At this point, Michéa unfortunately lapses into a rather shallow form of moralism.  In this respect, he is not all that far removed from another Orwellian critic of “lesser evilist” politics: the late Christopher Hitchens.[179]  Whereas Hitchens culturally “broke left” in the aftermath of 9/11 — promoting atheism, secularism, and rationality — Michéa has turned to the right.  He heaps scorn upon anything and everything that he takes to be emblematic of the depravity and licentiousness of modern life, denouncing them as “contrary to good sense and common decency.”[180]  Sexual impropriety, obesity, veganism/vegetarianism, and recreational drug use are only a few of the many examples of “indecency” attracting the French philosopher’s ire.[181]  Lamenting the rapid disintegration of traditional “values” and “moral scruples” to capitalism’s unremitting forward march, Michéa announces that he intends “to undemonize the concepts of ‘tradition,’ ‘customs,’ [and] ‘roots.’”[182]  As anarchists go, he is fairly blasé about the personal autonomy and individual rights usually associated with the rise of the modern bourgeois social subject.  Michéa openly objects to “the capitalist lifestyle and its narcissistic individualism,”[183] which erode “preexisting moral and cultural possibilities.”[184]  In one of his most reactionary moments, he even expresses his regret at the breakup of the traditional family structure, and its replacement by the individual as the basic economic unit of society.  He complains of the reduction of conventional bonds of consanguinity to relationships of mere contract,[185] disdaining the way “[t]he bourgeoisie has torn the pathetic veil of sentiment from family relations and reduced them to purely monetary ones,” as Marx and Engels put it.[186]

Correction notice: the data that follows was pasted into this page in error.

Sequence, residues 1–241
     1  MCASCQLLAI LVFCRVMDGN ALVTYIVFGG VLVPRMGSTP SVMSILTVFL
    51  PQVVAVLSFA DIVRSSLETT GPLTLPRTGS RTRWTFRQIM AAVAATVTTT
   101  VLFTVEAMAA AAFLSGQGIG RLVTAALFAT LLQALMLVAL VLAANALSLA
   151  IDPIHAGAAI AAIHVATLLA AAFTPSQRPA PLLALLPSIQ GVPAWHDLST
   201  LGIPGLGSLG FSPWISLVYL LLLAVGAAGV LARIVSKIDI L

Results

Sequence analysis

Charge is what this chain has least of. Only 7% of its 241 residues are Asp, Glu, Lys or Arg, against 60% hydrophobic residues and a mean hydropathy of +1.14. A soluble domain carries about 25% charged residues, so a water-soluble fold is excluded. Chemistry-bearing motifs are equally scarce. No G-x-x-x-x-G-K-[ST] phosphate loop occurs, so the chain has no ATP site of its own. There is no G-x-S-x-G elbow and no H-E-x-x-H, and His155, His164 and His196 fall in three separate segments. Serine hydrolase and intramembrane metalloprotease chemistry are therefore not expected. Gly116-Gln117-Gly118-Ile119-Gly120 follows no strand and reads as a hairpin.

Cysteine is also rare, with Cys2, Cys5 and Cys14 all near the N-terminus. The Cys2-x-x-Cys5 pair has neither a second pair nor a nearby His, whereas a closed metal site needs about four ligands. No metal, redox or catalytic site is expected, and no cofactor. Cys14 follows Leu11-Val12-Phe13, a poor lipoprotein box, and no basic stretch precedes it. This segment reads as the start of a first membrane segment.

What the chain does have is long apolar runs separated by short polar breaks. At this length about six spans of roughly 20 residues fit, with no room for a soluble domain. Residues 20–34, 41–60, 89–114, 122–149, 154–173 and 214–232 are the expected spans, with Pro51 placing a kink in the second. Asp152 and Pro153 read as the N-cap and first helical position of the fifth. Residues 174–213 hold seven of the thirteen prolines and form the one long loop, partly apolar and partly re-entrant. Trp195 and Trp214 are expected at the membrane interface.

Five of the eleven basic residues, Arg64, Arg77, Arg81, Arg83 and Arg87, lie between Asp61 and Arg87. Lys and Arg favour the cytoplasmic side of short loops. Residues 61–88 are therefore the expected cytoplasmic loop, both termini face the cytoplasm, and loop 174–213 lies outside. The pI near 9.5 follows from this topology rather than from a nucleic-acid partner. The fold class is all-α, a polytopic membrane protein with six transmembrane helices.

Here Michéa drinks from the same trough of pro-family, anti-individualist tripe that reactionaries have been peddling for over two centuries now.  The counterrevolutionary Catholic author Louis de Bonald, reviewing Germaine de Staël’s Considerations on the Principal Events of the French Revolution, thus found her criticisms of republicanism wanting in this respect, feeling they did not cut deep enough.  While de Staël was fiercely opposed to Jacobinism and its terroristic excesses, she certainly did not pine for a return to the ancien régime, the prerevolutionary past so beloved by de Bonald.  She denounced “compulsory service, such as that of the corvée,and other relicts of feudal barbarism,” as she called them.  De Bonald also took the liberal De Staël to task for railing against “the threefold fetters of an intolerant church, a feudal nobility, and an unlimited monarchy.”[187]  In a xenophobic fit, he alleged that she made too many concessions to England and “her happy and liberal fatherland,” Genoa.[188]  As de Bonald saw it, liberal individualism had slowly (but undeniably) undermined the traditional authority of the family.  “Republics, particularly the English one, only count individuals,” the French royalist wrote in 1818.  “The French monarchy saw only families.  The result is that there is more movement and agitation in republics, and more stability and repose in our monarchy.”[189]